JULIETTE CARRILLO (DIRECTOR) directed the world premiere of Lydia last year at Denver Center Theatre Company. Other collaborations with Octavio Solis include Lethe with Cornerstone Theater Company (of which she is an ensemble member) and El Paso Blue at Summer Play Festival in New York. She met Octavio when she was an Artistic Associate at South Coast Repertory, where she ran the Hispanic Playwrights Project for seven years. At South Coast Rep, she directed many plays by Latinos, including the west coast premiere of Anna in the Tropics by Nilo Cruz and the world premiere of References to Salvador Dalí Make Me Hot by José Rivera. Other credits include the west coast premieres of Eduardo Machado’s The Cook at Seattle Repertory Theatre and Sam Shepard’s Eyes for Consuela at the Magic Theatre, as well as productions at Alliance Theatre, TheatreWorks, Laguna Playhouse, Actors Theatre of Louisville, and Mark Taper Forum’s New Work Festival. In New York, she has developed plays at New York Theatre Workshop, The Public Theater, INTAR, and The Women’s Project. A graduate of Yale School of Drama, she is a recipient of several awards, including the NEA/TCG Directing Fellowship. She will be directing a production of Lydia at the Mark Taper Forum this spring.
MATT CORNISH (PRODUCTION DRAMATURG) is a third-year MFA candidate at Yale School of Drama, where his credits include this season’s Man=Man, as well as Baal and Speaking Our Mind. At Yale Cabaret, his dramaturgy credits include The Five Fists of Science, In the Cypher: Slam, and Seven Deadly Sins; and he directed Blood Box: An Evening of Grand Guignol. Matt holds a BA in theatre, German, and philosophy from the University of Denver and is a recipient of the George Pierce Baker Memorial Scholarship at Yale.
BETH McGUIRE (VOCAL AND DIALECT COACH) Ms. McGuire’s vocal and dialect coach credits include Off-Broadway productions of The Overwhelming directed by Max Stafford-Clark (Roundabout Theatre Company); The Black Eyed (New York Theatre Workshop); Five by Tenn directed by Michael Kahn (Manhattan Theatre Club); People Be Heard (Playwrights Horizons); Candida, Gas Light (The Roundtable Ensemble); Free Market (The Working Theatre); and Exit Cuckoo directed by May Adrales (Midtown International Theatre Festival). Workshop productions: In Darfur (The Public Theater). Regional: King Lear, The Mystery Plays, dance of the holy ghosts, Taming of the Shrew, All’s Well That Ends Well, Iphigenia at Aulis, Kingdom of Earth (Yale Repertory Theatre); Hamlet, Carnival, King John, The Glass Menagerie (Shakespeare Theatre of New Jersey); The Cook (Hartford Stage); and Crimes of the Heart (The Cape Playhouse). Ms. McGuire is currently on faculty at Yale School of Drama. She is a member of VASTA (The Voice and Speech Trainers Association), Actors’ Equity, SAG and AFTRA, and is an actress with over 25 years of performance experience.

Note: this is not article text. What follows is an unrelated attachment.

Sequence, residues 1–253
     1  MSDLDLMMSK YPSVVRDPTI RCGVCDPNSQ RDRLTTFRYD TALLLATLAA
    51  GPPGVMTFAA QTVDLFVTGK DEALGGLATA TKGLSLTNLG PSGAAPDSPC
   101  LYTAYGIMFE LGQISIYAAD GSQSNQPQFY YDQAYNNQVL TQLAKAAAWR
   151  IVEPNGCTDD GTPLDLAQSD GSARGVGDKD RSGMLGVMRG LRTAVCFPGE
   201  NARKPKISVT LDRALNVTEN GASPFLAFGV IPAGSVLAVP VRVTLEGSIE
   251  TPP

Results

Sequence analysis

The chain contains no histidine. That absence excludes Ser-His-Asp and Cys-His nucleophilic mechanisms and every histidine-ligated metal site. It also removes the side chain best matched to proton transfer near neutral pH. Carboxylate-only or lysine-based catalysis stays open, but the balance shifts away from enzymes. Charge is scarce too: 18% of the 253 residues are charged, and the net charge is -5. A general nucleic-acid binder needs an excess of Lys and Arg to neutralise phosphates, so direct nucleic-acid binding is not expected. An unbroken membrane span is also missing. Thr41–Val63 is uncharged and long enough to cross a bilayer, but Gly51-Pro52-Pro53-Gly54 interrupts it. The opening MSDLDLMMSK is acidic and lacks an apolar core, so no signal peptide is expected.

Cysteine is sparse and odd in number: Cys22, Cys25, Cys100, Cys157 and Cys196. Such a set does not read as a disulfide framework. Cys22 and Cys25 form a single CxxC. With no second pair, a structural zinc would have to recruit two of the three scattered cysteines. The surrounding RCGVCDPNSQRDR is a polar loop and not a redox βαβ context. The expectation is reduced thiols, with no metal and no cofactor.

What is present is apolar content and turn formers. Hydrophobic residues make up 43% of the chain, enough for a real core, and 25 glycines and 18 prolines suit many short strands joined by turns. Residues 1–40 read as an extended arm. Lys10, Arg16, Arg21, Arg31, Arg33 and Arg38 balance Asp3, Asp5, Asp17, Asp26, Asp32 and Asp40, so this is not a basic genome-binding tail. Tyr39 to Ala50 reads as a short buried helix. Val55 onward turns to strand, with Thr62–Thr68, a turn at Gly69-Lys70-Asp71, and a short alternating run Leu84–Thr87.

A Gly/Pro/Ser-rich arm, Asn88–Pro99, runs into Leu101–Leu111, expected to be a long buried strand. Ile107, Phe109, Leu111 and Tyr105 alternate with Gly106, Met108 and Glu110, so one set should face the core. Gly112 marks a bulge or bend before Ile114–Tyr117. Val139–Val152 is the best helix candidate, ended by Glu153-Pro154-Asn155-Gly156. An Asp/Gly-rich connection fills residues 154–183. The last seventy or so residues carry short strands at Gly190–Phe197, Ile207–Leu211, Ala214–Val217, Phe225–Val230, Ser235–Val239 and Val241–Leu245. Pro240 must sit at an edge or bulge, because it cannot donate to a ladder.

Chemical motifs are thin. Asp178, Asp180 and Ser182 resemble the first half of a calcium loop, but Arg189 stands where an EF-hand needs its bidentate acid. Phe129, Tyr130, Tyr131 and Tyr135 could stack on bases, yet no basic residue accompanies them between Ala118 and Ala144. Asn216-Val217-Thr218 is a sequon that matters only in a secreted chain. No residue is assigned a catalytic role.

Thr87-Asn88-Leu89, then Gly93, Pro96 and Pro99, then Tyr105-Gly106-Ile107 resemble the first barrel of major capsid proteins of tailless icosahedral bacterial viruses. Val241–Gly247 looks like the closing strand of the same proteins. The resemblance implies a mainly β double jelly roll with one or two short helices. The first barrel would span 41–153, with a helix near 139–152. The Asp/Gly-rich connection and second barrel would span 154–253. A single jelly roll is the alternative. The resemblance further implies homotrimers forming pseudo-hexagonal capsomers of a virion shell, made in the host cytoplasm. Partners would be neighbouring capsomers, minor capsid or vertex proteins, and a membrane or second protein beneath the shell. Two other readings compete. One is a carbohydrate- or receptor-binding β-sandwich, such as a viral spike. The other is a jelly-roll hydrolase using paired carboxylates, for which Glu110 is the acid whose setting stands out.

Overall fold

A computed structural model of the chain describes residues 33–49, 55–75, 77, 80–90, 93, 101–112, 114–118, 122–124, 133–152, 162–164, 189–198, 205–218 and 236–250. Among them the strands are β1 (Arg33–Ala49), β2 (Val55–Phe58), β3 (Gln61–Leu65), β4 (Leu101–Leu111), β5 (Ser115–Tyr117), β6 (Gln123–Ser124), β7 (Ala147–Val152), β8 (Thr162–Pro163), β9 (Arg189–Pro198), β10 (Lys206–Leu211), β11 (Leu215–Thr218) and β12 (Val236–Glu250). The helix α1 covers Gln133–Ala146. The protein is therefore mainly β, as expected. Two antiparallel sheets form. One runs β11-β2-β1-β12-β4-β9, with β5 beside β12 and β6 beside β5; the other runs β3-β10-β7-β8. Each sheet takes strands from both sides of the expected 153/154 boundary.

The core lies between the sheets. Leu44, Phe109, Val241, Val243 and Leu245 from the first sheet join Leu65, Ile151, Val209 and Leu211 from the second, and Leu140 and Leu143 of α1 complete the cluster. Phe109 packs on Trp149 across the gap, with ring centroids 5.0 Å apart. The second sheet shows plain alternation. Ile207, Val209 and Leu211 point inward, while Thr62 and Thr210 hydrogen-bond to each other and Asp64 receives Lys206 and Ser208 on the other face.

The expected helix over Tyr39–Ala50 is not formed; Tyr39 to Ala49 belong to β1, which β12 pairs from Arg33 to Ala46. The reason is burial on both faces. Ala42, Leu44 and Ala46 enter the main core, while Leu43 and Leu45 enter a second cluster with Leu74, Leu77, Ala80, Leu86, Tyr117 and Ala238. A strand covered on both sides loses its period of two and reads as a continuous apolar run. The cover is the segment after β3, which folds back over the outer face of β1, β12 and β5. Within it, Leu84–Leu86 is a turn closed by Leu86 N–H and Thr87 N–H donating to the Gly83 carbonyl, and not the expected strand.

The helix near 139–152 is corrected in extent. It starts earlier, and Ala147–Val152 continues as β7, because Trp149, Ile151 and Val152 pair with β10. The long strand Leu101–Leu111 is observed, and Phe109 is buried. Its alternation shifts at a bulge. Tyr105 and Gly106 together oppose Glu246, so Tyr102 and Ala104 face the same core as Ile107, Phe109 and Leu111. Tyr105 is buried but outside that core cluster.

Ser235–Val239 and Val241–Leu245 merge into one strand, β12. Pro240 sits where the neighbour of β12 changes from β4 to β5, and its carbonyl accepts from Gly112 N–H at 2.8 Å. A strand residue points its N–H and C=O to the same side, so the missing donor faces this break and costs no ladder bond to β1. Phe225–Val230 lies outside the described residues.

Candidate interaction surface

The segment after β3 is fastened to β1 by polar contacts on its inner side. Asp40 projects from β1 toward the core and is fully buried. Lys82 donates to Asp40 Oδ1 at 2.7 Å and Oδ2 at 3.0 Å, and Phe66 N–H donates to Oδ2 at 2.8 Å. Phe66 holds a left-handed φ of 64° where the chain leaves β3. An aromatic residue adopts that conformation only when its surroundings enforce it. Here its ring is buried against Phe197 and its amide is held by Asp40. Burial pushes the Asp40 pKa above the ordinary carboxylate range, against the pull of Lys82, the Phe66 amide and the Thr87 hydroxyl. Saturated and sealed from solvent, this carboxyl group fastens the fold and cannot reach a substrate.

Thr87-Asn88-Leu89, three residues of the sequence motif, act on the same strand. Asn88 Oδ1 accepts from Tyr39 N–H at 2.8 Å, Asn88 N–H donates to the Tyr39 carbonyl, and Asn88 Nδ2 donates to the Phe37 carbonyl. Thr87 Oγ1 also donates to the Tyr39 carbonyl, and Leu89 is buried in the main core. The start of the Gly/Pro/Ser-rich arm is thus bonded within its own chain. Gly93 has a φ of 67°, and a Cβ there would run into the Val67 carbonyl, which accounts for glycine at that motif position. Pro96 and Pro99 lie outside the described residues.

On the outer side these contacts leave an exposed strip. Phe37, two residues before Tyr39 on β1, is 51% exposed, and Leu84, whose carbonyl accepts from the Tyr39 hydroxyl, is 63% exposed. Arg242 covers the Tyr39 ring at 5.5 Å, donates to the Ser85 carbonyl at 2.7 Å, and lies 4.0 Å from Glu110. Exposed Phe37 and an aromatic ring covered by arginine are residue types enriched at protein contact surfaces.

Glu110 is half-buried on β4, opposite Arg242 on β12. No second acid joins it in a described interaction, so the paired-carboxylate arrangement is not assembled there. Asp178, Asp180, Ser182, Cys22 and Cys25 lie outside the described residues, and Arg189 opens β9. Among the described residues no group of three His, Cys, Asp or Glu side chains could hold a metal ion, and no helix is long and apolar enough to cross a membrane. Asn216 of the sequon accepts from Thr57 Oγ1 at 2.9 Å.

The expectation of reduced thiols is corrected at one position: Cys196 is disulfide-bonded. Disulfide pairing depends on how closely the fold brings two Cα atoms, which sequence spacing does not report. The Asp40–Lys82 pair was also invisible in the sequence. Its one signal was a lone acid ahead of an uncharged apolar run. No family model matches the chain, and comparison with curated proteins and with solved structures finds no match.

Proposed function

DAVID MOLINA (SOUND DESIGNER, ADDITIONAL MUSIC, ARRANGEMENTS) is honored to have spent the last 15 years working, playing, and laughing with Chris Webb. Theatre credits include productions for Yerba Buena Center for the Arts, Marin Theatre Company, Magic Theatre, A Traveling Jewish Theatre, American Conservatory Theater, Brava! Theatre, Lorraine Hansberry Theatre, Campo Santo, Intersection for the Arts, Thick House, Encore, Soap Stone, Teatro Jornalero, Sonoma State University and University of San Francisco. Installation, performance, and multimedia: productions for Drum Machine Museum (featuring Joan Jeanrenaud, Kronos Quartet, and Mark Pistel) and international showings and tours with Violeta Luna, Victor Cartagena, and Secos Y Mojados (2009 Creative Capital recipients). Film: Barry Gifford’s Ball Lightning; The 17
Narc and Prospect by Octavio Solis,The Cause Collective’s Along the Way (Sundance Film Festival), and the films of Anna Geyer. Radio and television: 94.1 KPFA and KQED. His bands—Ghosts and Strings; Transient—can be heard on the Resting Bell, Dorog Records, Mun Discos, and NKR labels. www.restingbell.net
of the NEA 1995-97 Playwriting Fellowship, the Kennedy Center’s Roger L. Stevens Award, the Will Glickman Playwright Award, a production grant from the Kennedy Center Fund for New American Plays, the 1998 TCG/NEA Theatre Artists in Residence Grant, the 1998 McKnight Fellowship grant from the Playwrights Center in Minneapolis, the 2003 National Latino Playwriting Award, the 2000–2001 National Theatre Artists Residency Grant from TCG, and the Pew Charitable Trust grant for Gibraltar at the Oregon Shakespeare Festival. Octavio is a member of the Dramatists Guild and New Dramatists. He is currently working on commissions for Yale Repertory Theatre and the Oregon Shakespeare Festival.